Rand was a romantic, meaning she wants her art to portray the world as it should be, not as it currently is today. Your mission in life is to strive toward your goal of becoming a perfect human being, not become to depress because you aren't there yet.

answered Jan 16 '12 at 12:44

Humbug's gravatar image


edited Jan 16 '12 at 12:44

To answer this question, you should read the novels again.

How does depression, or other mental illness make a person interesting?

Ayn Rand wrote about normal people who are what they are because of the choices they've made. Some of these people make innocent errors, some make guilty errors. The consequent conflicts make her novels interesting.

Ayn Rand concerned herself with moral issues, not medical issues.

If it will satisfy you, her character Ellsworth Toohey had medical issues as a child.

answered Jan 16 '12 at 15:06

John%20Paquette's gravatar image

John Paquette ♦

As @humbug says, I think this is a consquence of AR's Romantic style of fiction vs Naturalist fiction. When you read AR's novels you need to see them as showing the path to a world that should and could exist vs. a description of today.

(Jan 16 '12 at 19:18) Danneskjold_repo Danneskjold_repo's gravatar image

Ayn Rand's characters are not God-like. They aren't omnipotent or immortal. They are Heroic.

If you're more interested in reading about people's flaws, that says as much about you as writing about heroes says about Ayn Rand.

answered Jan 16 '12 at 23:59

Rick's gravatar image

Rick ♦

edited Jan 17 '12 at 17:17

Sometimes even heroes have flaws Rick. Look at Hank Rearden. Look at someone like Gail Wynand who could have been a hero. In the sense that flaws are recognized, evaluated and mended, flaws can be useful literary devices and show us concretely what to do. Not everything we read needs to be flatly heroic on every page. Sometimes it is the struggle of the hero than is truly heroic. There is a fine line between heroic romanticism and stuff that reminds me of Socialist Realism posters.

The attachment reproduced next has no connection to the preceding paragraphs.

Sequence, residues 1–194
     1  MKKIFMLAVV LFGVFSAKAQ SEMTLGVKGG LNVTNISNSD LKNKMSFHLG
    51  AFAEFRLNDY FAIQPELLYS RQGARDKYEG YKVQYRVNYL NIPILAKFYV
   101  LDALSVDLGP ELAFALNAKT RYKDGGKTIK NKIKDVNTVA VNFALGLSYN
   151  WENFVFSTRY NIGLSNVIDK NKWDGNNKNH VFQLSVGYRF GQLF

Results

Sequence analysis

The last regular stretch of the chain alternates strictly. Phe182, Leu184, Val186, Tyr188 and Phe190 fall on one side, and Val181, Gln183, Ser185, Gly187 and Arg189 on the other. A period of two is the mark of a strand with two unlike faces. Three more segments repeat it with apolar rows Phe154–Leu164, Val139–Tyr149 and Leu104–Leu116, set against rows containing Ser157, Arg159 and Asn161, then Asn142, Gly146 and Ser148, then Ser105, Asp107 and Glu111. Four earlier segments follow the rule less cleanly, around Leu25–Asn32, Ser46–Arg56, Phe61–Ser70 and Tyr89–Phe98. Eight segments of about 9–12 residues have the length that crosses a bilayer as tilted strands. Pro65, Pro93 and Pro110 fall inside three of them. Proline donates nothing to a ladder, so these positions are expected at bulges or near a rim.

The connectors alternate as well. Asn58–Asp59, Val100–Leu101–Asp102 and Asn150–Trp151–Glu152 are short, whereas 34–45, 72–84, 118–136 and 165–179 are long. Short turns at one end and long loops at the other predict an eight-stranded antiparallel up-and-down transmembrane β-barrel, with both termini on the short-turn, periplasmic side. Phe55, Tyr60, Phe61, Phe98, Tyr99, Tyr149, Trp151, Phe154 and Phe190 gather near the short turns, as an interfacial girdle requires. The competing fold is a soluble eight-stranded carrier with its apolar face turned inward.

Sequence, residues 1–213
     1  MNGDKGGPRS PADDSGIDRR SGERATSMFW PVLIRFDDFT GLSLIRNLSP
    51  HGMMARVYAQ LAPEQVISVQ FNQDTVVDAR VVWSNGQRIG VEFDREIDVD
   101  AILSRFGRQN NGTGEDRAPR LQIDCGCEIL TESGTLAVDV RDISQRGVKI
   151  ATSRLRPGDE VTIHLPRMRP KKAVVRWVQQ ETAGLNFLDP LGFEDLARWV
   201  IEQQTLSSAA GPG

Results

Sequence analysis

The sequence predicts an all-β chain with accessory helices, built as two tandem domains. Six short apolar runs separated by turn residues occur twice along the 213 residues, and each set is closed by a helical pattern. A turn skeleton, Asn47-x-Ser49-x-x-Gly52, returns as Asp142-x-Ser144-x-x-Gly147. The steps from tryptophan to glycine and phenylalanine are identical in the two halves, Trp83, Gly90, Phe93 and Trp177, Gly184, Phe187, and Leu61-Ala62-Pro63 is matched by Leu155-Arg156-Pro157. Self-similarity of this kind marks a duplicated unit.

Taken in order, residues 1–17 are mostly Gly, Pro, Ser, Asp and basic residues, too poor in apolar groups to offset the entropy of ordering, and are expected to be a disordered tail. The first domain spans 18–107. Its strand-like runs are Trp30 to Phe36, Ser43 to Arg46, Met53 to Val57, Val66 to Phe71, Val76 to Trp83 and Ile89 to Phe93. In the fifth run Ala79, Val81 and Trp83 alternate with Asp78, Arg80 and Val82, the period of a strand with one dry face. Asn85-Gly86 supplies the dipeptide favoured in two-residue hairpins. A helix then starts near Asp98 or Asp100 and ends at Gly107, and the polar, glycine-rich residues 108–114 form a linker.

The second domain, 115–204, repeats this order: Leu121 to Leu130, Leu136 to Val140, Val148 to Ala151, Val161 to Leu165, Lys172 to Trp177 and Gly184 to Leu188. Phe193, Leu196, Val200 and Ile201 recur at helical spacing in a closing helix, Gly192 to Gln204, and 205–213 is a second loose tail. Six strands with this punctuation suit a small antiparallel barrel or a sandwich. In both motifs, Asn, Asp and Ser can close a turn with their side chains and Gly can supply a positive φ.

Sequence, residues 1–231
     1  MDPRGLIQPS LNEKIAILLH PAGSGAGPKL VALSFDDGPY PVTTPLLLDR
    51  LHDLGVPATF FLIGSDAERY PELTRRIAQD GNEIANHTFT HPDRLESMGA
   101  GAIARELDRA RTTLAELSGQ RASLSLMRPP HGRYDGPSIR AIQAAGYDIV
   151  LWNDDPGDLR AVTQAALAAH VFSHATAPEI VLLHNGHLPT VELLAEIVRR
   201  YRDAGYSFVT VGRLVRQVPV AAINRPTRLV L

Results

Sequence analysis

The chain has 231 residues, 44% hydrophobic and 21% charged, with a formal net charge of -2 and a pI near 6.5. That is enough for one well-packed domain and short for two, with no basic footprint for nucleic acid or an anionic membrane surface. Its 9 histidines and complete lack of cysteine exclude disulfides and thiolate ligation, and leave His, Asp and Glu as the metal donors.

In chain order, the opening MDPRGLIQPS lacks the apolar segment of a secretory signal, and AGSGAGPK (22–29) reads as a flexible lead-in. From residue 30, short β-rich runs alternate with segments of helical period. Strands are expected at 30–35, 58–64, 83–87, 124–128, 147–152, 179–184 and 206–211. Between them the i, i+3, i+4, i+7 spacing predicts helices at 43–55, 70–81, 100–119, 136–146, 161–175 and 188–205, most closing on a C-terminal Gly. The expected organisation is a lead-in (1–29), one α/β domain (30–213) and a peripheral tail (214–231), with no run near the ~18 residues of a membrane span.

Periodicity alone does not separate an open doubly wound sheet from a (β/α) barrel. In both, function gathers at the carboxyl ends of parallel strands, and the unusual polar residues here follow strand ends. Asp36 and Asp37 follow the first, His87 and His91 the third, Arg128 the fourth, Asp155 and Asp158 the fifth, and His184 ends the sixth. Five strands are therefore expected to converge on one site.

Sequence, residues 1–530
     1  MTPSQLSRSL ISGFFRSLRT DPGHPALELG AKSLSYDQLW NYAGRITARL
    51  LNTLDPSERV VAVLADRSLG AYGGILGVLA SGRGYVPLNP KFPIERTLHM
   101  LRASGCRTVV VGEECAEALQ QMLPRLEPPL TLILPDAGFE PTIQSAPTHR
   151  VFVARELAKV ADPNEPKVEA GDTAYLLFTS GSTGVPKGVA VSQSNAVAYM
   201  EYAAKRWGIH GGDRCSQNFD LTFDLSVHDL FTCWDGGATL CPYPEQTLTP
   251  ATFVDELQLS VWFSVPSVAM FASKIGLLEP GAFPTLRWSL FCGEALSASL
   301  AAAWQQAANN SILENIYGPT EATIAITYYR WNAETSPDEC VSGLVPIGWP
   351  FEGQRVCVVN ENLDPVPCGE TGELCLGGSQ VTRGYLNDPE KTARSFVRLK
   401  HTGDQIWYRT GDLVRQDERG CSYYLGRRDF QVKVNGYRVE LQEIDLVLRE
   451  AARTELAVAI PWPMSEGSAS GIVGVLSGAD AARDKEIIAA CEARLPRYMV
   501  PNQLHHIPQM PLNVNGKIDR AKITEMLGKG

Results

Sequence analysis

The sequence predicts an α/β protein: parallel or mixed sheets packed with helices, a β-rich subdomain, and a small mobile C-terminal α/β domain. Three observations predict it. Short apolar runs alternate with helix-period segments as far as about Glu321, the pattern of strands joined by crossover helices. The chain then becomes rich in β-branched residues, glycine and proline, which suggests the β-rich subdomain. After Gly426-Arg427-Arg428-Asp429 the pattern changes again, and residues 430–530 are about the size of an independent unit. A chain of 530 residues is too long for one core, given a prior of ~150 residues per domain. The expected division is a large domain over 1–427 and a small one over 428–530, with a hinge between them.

(Jan 17 '12 at 14:09) Danneskjold_repo Danneskjold_repo's gravatar image

Of course. The point is that heroes flaws are not the main focus of Ayn Rand's writing.

(Jan 17 '12 at 17:16) Rick ♦ Rick's gravatar image

Colin1 wrote that in Atlas Shrugged "...the main protagonists... deal with conflict, but it's only with other people. None of them seem to have any inner conflict."

That's correct. Focusing on the conflict between characters was Rand's purpose in writing Atlas Shrugged. From the introduction to the Centennial Edition:

"The primary concern there [in The Fountainhead] was with Roark and Toohey--showing what they are. The rest of the characters were variations of the theme of the relation of the ego to others... The primary concern was ... the people as such--their natures. Their relations to each other ... were secondary ... it was not the theme.

"Now [in Atlas Shrugged] it is this relation that must be the theme. Therefore, the personal becomes secondary... the personal is necessary only to the extent needed to make the relationships clear."

answered Oct 10 '13 at 00:18

Sally%20Jane%20Driscoll's gravatar image

Sally Jane Driscoll ♦

edited Oct 10 '13 at 00:19

It's utterly false that none of the heroes in Atlas Shrugged have inner conflict. One perfect example of a conflicted hero is Hank Rearden. He is conflicted about his affair with Dagny Taggart. It takes hime quite a while to reject his guilt about it.

As well, Dagny is conflicted about whether to "leave the world". So is Francisco D'Anconia, when he first has the choice to make.

These are genuine, inner conflicts. If you don't recognize the inner conflict in her characters, you haven't really read the book.

(Oct 10 '13 at 13:32) John Paquette ♦ John%20Paquette's gravatar image

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Asked: Jan 15 '12 at 21:25

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Last updated: Oct 10 '13 at 13:47